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Update April 12---Congratulations to the Virginia Cavaliers!

Finally, we are at the end of 2019’s tournament and what an amazing ride it was. Over on the court, there were many surprises and close calls this year. Teams such as Auburn, the underdog, one-upping so many rounds of the competition while Duke, the most heavily seeded team, lost out earlier than expected in the tournament. After a whirlwind of events, the winner of this year’s tournament was the Virginia Cavaliers from the University of Virginia!

Back at SAP, we from the #DataGenius Team, also had plenty of things to celebrate and reflect on.

Firstly, out of 63 games, we predicted 40 games correct, leaving us with an accuracy of 63%, which, was quite amazing overall. Given how slim the chances are to produce a perfect bracket, we were able to create a good bracket without extensive knowledge in statistics or data science. One thing to note was how the team decided to stick to our model and predictions in removing Duke from our selection even though Duke was heavily seeded by others!

We also have plenty of areas we could have improved on when designing our model too! Here are a few we identified.

We could have consulted a basketball expert before we designed our model

In our previous post, we had our results looked over by a basketball expert and learned that there were quite a few tweaks we could have made to our design. While we understood the basics of basketball, we didn’t realize how much more complex basketball could become especially when coupled statistics. If we consulted a basketball expert earlier, we might have had a better understanding of which metrics would contribute more strongly to the prediction and know which variables we should have excluded.

After all, although SAP Analytics Cloud’s predictive analytics can take previous data and determine based of previous patterns, which variables highly contribute to our result, it also doesn’t know anything about basketball. It did well, despite Michigan and Kentucky not advancing to the final game but with some fine-tuning, the results could have been much better.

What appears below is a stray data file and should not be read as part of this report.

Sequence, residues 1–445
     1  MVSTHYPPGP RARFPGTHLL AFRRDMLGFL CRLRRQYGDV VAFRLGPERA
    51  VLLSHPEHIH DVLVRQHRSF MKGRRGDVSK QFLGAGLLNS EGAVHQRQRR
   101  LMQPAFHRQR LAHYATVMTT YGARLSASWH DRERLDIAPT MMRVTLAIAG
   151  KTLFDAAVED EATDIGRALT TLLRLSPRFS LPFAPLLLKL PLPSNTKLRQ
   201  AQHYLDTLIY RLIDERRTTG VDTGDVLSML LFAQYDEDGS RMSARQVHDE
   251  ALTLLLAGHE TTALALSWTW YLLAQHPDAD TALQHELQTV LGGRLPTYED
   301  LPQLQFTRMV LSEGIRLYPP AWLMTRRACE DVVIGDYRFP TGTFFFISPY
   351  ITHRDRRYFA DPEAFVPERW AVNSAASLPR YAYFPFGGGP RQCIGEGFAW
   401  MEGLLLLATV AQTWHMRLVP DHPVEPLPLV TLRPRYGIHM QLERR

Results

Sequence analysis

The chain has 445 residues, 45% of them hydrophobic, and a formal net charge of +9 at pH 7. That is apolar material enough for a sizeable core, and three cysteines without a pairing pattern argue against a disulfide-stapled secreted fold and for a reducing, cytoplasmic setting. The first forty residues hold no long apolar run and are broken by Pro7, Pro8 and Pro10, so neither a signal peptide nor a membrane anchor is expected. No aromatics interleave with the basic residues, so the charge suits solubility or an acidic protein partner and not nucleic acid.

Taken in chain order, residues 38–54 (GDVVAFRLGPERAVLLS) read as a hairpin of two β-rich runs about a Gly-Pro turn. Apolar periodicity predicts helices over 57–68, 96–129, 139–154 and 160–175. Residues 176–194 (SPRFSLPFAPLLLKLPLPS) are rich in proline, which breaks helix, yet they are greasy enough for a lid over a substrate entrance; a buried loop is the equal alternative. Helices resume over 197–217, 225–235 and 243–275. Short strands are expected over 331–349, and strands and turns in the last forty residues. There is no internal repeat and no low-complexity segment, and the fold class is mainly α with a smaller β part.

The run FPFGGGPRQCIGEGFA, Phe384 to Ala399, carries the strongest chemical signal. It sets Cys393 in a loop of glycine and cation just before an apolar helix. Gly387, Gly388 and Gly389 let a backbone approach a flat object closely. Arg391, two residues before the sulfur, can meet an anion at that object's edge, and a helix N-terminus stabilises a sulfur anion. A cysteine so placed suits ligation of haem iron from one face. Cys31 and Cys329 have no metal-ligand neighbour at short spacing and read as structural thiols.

Consider gathering individual player data

Although basketball is a team sport, it’s undeniable that the individual talents of the team make up the sum of the group. We could have spent more time to gather data on for instance, how many highly valued players there were on the team and how that may have affected the team’s chances.

Use Smart Predict and Smart Insights to more effectively include or exclude variables

Our model reviewed the data available from Ken Pomeroy and used the following variables:

  • Offense/Defense ratio

  • Adjusted Defensive Efficiency

  • Adjusted offensive Efficiency

  • Experience

  • Offensive 3-point percentage

  • Offensive rebound from a small forward

  • Defensive Rebound from a Center

  • Region the game is in

  • Difference in seed

  • Points that a Power forward scores on average

  • Turnover Percentage from Defense

  • Defensive Rebound from a point guard

  • Defensive Rebound from a small forward

From a basketball perspective, some of these variables such as Offense/Defense ratio and luck are great indicators of game results especially with the randomness in these tournaments. On the other hand, some are the variables are less effective to use because of their importance in the game. A great help we could have used in this case was using Smart Predict to manually exclude more variables than we did before. That’s what’s so great about Smart Predict. While a data scientist could have done this by manipulating the data itself, somebody well versed in the subject matter but with no technical expertise could use Smart Predict and pick through the variables that make sense for them

Create specialized models for each region or round

Randomness is such a large part of these games so it would have helped if we narrowed down our model to a more specific set of games. That’s why creating a specific model for each region or round could be a great way to improve on our model for next year. This way, the model would account for specific concerns like stadium locations or how well teams from a specific region usually do.

Overall, this challenge was an amazing experience for us, the #DataGenius Team. we can’t wait to take the skills that we’ve learned from this challenge and see where we can apply it next!

Try It Yourself!